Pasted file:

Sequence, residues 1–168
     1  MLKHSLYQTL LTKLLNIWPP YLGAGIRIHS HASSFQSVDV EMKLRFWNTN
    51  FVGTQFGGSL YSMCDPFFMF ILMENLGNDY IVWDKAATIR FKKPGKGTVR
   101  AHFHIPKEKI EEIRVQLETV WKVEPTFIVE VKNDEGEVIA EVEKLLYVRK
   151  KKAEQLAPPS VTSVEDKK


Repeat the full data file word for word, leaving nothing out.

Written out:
Sequence, residues 1–168
     1  MLKHSLYQTL LTKLLNIWPP YLGAGIRIHS HASSFQSVDV EMKLRFWNTN
    51  FVGTQFGGSL YSMCDPFFMF ILMENLGNDY IVWDKAATIR FKKPGKGTVR
   101  AHFHIPKEKI EEIRVQLETV WKVEPTFIVE VKNDEGEVIA EVEKLLYVRK
   151  KKAEQLAPPS VTSVEDKK